of the particular `inhabitants' of his pictures, the consistent
element in Tanguy's technique is his `dual manipulation of perspective,
from far to near and from high to low. Naturally, conventional
perspective presupposes both depth and height, but perhaps no
other modern painter has so insistently dramatized an opposition
between these two dimensions.Indeed, it is Tanguy's extreme manipulation
of space which imparts such a disquieting mood to the works.
his trip to Africa in 1930, Tanguy briefly experimented with underdrawing
as a preliminary step in his paintings. He quickly abandoned the
technique, he said for `I found that if I planned a picture beforehand,
it never surprised me, and surprises are my pleasure in painting."
What most interested Tanguy was the unpredictable procession of
motifs, each suggested by and playing upon the one before, both
metaphorically as well as visually. This focus on spontaneous
relationships was a hallmark of Surrealist creativity; but also
found expression in the exercise of `automatic writing' which
all of the Surrealists practiced in one form or another."
All of the
works in this auction were acquired from the Pierre Matisse Gallery
with the exception of Lot 208, shown at the top of this article,
which was acquired from the Galerie Hervé Odermatt-Philippe
Cazeau in Paris, but had formerly been at the Pierre Matisse Gallery
and the Leo Castelli Gallery.
is entitled "Les sourciers" and is an oil on canvas,
18 by 15 inches, that was painted in July 1945. While most of
the works in this auction are small, Tanguy did paint larger canvases.
The highlight of the auction, it has a conservative estimate of
$400,000 to $600,000. It sold for $358,000 including the buyer's
premium as do all results mentioned in this article.
"L'orpailleuse," is the cover illustration of the catalogue.
An oil on canvas, it measures 18 1/8 by 15 ¼ inches and
has an estimate of $400,000 to $600,000. It was executed in 1945.
It sold for $369,000.
his oils have luminous and bright backgrounds, but sometimes he
used a darker background as in Lot 221, "Aux quatre angles,"
an oil on canvas, 18 by 14 inches, that was painted in 1843 and
has an estimate of $280,000 to $350,000. This work also is a bit
unusual since it has two clouds in the sky. It sold for $413,000.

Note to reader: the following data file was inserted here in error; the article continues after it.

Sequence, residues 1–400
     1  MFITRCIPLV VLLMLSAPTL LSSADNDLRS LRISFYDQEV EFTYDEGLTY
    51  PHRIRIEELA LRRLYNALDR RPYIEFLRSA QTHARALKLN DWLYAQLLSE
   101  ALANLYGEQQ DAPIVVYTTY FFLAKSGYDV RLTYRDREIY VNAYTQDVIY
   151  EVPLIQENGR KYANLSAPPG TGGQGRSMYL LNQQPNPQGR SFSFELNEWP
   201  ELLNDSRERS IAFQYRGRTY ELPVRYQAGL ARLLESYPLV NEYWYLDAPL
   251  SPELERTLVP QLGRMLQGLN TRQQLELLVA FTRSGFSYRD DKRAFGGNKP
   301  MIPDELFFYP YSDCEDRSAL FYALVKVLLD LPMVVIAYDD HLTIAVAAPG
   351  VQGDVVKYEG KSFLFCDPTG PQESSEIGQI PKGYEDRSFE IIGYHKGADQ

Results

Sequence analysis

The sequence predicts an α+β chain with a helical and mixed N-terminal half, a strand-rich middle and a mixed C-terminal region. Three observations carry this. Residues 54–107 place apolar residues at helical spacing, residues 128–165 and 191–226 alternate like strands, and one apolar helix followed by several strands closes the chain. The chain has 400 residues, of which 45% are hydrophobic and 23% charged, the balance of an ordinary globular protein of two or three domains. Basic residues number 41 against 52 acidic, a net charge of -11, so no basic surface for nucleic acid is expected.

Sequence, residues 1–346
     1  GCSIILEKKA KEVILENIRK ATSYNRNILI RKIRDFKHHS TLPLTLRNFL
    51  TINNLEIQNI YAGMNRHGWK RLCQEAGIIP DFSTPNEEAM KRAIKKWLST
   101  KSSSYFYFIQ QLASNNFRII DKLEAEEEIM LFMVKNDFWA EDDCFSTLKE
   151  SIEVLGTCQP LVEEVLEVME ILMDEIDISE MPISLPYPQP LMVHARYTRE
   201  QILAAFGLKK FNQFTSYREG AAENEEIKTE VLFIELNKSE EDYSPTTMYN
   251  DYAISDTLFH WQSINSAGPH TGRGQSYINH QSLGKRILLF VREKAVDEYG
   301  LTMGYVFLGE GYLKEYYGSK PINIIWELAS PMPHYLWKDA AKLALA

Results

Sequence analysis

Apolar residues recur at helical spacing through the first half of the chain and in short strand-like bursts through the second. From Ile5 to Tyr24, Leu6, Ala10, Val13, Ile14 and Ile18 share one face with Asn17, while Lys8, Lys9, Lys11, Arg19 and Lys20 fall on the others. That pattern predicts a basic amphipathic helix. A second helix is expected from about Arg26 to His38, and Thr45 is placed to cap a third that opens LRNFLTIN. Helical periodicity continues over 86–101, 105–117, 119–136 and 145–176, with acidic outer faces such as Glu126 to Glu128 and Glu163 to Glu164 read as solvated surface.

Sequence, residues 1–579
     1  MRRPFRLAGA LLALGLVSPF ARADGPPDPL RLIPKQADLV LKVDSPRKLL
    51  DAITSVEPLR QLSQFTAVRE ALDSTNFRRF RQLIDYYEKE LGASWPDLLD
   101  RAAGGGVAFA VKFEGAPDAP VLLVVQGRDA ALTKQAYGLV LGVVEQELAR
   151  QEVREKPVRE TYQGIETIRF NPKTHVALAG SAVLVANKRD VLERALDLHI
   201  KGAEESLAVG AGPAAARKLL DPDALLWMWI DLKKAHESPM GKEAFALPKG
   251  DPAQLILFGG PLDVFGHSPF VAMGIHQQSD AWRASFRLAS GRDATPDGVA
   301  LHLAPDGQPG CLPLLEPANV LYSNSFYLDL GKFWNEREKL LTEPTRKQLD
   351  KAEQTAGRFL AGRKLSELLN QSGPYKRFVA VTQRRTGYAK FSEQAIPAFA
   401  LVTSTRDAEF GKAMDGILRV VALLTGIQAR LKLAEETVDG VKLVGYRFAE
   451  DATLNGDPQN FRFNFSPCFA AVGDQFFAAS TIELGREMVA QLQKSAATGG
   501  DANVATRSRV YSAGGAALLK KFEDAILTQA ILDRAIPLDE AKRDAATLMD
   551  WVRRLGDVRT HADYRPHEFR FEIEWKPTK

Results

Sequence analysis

his fabulous and unusual forms bear a striking similarity to some
sculptural motifs of Isamu Noguchi as can be seen in Lot 228,
"L'athée ou la religieuse," an oil on canvas,
14 by 10 1/8 inches, that was painted in 1942 and has an estimate
of $240,000 to $280,000. It sold for $226,000.
Tanguy arranges his groups of "inhabitants" most often
complexly sinuous, rock or marble-like formations of strong color
in the foreground with a lot of sky/space above, often in light
pastel colors. Lot 203, "J'avais déja cet age que
j'ai," however, demonstrates that Tanguy occasionally experimented
with other, recessed groups in the composition. This lot is an
oil on canvas that measures 17 by 14 inches and was painted in
1939 and has an estimate of $350,000 to $450,000. It sold for
$468,000. A similar work that is more delicate and "thinner"
is Lot 202, "Sans Titre," a gouache on paper, 11 by
9 3/8 inches, that was executed in 1941 and has an estimate of
$100,000 to $150,000. It sold for $182,000.
not familiar with his entire oeuvre, three of the works in the
auction are quite startling for their strong but sketchy backgrounds.
Lot 207, "Elle fut douce," shown above, is a 24 ¾-by-18
¾-inch gouache and pencil on gray paper that was executed
in 1947 and has an estimate of $120,000 to $160,000. It sold
for $160,000. The artist has let the paper show through around
of his works are vertical compositions, Tanguy did some horizontal
works and they generally have less "empty" space than
the vertical compositions as indicated in such untitled lots as
206, 211, and 220. Lot 206 is a 3 5/8-by-11 1/8-inch gouache on
paper that was executed in 1938 and has an estimate of $70,000
to $90,000 and is one of the few in which some of the artist's
forms are seeming tied together or tethered. It sold for $82,250.
Lot 211, shown above, is a 6-by-10 ¾-inch gouache on paper
executed in 1943 and has an estimate of $90,000 to $120,000. It
sold for $116,000. Lot 220 is a 2 3/8-by-12 3/8-inch gouache
and pencil on paper mounted on paper that was painted in 1936
and has an estimate of $60,000 to $80,000. It failed to sell.
also includes several drawings, some gouache on black paper, some
red pencil on green paper and some colored pencils or pen and
blue ink on paper. Most are quite complex and wonderful. Lot 225,
shown above, was drawn in 1938-9, measures 14 ¾ by 12 inches,
and has an estimate of $6,000 to $8,000. It sold for $10,575.
Lot 217, shown below, measures 11 by 8 5/8 inches and has an estimate
of $7,000 to $9,000. It sold for $10,575.
artist's imagination is so rich and fertile as Tanguy's stylistic
consistency throughout a career is something to be cherished.
landscapes are jewel-like, noble, wondrous, fascinating, strange,
and, with very rare exception, consistently glorious and not derivative.
They do surprise. They are dreams.